Pilot's tip of the week

Slipping with Full Flaps


Subscriber question:

"Is slipping an airplane with full flaps allowed or not? I fly a club Cessna 172 and one instructor told me it's fine while the other said it's forbidden." —Kyle S.


“I have to answer this with a question: Which model Cessna 172 are you flying?

The model matters because the answer is found in your POH and the guidance has changed over the years. In the POH for a 1956 Cessna 172 you’ll see, ‘Slips are prohibited in full flap approaches because of a downward pitch encountered under certain combinations of airspeed and sideslip angle.’ By 1977 the POH for the 172N model said, ‘Steep slips should be avoided with flap settings greater than 20° due to a slight tendency for the elevator to oscillate under certain combination of airspeed, sideslip angle, and center of gravity loadings.’ Check the POH for a late-model 172S and you’ll likely see, ‘Steep slips with flap settings greater than 20° can cause a slight tendency for the elevator to oscillate under certain combinations of airspeed, sideslip angle, and center of gravity loadings.’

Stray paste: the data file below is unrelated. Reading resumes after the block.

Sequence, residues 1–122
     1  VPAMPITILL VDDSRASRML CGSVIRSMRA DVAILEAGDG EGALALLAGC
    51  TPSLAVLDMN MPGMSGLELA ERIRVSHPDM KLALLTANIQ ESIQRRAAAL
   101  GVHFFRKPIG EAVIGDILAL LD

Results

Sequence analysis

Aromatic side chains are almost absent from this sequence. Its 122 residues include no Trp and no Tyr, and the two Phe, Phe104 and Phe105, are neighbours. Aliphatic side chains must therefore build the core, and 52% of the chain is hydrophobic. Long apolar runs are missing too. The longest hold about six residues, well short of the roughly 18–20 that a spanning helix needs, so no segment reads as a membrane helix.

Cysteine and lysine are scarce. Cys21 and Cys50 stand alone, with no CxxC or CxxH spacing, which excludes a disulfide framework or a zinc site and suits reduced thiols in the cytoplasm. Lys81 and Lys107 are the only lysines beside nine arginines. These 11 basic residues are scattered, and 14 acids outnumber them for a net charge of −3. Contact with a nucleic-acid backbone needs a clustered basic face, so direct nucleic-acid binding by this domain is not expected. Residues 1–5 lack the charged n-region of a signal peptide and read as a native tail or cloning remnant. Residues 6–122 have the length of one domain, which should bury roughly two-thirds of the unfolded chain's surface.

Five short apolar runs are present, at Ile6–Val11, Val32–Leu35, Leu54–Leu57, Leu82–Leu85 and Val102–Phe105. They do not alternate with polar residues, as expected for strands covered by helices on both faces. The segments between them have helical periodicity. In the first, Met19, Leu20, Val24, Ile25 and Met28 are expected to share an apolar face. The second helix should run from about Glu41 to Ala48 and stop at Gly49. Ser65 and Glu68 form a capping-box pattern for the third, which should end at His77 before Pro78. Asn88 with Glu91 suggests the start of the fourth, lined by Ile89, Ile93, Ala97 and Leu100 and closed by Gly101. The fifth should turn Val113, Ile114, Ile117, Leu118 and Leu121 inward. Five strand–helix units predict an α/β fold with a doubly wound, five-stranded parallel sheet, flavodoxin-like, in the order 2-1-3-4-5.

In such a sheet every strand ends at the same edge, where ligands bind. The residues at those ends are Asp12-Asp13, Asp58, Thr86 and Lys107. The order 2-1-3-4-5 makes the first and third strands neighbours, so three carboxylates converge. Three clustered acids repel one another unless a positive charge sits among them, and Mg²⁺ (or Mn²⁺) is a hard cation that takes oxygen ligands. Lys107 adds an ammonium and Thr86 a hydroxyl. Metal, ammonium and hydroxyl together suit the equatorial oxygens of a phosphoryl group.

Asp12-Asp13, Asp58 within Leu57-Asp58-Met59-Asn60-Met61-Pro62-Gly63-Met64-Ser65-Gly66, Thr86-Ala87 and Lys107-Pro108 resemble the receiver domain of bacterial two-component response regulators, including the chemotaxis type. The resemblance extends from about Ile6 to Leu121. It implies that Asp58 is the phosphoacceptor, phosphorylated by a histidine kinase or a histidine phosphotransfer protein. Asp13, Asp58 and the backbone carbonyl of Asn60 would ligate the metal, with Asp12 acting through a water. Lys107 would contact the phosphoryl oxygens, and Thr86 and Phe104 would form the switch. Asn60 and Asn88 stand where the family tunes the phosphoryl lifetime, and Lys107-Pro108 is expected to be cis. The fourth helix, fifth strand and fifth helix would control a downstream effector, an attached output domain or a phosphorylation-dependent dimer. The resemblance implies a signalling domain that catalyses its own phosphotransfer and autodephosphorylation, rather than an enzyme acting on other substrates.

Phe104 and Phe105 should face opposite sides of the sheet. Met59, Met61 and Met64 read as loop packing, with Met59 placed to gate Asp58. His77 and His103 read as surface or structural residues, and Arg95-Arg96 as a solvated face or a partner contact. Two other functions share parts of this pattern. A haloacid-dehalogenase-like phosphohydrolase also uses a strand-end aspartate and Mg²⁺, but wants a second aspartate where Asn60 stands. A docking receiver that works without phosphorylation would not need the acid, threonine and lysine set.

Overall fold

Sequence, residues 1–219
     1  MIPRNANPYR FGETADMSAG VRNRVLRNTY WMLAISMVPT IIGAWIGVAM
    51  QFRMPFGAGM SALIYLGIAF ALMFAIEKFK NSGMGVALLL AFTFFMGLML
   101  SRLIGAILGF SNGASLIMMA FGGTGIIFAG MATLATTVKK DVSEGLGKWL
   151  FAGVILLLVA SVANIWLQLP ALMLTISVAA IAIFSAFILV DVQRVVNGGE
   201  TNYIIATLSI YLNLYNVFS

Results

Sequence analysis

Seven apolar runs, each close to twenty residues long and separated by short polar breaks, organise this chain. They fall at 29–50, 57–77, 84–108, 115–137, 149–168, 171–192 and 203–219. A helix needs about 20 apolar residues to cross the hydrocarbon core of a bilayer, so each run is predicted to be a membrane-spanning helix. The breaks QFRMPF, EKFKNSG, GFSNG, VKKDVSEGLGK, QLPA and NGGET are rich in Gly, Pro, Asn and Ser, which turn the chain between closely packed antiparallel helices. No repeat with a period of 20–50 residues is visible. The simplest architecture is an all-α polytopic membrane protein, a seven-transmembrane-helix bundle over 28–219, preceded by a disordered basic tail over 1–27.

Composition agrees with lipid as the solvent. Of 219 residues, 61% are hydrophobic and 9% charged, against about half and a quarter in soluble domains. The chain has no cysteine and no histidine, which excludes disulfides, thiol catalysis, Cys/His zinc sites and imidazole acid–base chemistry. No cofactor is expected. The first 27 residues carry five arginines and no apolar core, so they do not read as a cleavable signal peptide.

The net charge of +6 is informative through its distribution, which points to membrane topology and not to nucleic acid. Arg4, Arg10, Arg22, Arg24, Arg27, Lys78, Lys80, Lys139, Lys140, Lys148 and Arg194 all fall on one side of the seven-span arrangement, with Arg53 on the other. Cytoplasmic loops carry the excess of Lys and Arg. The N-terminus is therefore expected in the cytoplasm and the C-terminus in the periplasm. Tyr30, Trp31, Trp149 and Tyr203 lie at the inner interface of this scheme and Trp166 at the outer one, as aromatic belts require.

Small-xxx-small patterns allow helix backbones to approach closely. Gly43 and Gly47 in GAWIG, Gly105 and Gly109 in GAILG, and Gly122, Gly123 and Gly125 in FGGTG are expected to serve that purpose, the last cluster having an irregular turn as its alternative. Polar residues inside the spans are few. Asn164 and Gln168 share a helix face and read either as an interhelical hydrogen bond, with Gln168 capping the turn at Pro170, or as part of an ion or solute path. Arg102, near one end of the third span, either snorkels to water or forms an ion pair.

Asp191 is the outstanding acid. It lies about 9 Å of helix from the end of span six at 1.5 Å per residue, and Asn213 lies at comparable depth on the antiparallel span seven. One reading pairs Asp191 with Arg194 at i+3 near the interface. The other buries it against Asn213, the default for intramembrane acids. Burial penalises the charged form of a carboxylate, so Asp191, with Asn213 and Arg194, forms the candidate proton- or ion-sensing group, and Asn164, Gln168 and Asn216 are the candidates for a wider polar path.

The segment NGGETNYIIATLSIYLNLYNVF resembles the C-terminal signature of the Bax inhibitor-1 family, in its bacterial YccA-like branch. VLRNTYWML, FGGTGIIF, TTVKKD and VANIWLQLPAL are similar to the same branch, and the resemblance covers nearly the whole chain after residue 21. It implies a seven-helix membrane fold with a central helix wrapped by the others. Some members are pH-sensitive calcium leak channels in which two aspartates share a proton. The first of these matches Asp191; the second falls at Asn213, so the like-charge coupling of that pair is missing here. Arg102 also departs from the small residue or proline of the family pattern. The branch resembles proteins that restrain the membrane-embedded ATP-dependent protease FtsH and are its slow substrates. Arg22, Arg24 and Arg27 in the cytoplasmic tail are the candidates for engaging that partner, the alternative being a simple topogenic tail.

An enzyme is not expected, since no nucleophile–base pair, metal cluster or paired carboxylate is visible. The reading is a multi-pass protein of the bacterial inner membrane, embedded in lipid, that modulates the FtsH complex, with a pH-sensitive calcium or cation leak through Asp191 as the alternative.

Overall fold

So that’s a prohibition in 1956, a strong caution in 1977, and an FYI in the 2000s. Over that time there were aerodynamic changes, including limiting the maximum flap travel from 40° to 30°.

Three important takeaways apply no matter what make or model aircraft you fly. One is that your POH rules and it’s the first place you should go for prohibitions on your specific aircraft. That includes any updates, ADs, or other changes that should be included since the POH was published.

Second is that these textual descriptions are usually found in the Amplified Procedures, which you’ll find in your flight manual for both normal and emergency procedures (usually after the checklists). Too many pilots breeze through this text or skip it entirely. Don’t be one of them. The amplified procedures often contain the details you need to make informed decisions on applying those simple checklists in the real world.

Third is that procedures evolve but ‘tribal knowledge’ doesn’t always keep up. When people tell you something must be done one way or another, ask for a source you can reference yourself.

You’d be surprised what the kinds of things you might find out.”

Do you feel OK about slipping your airplane with full flaps?

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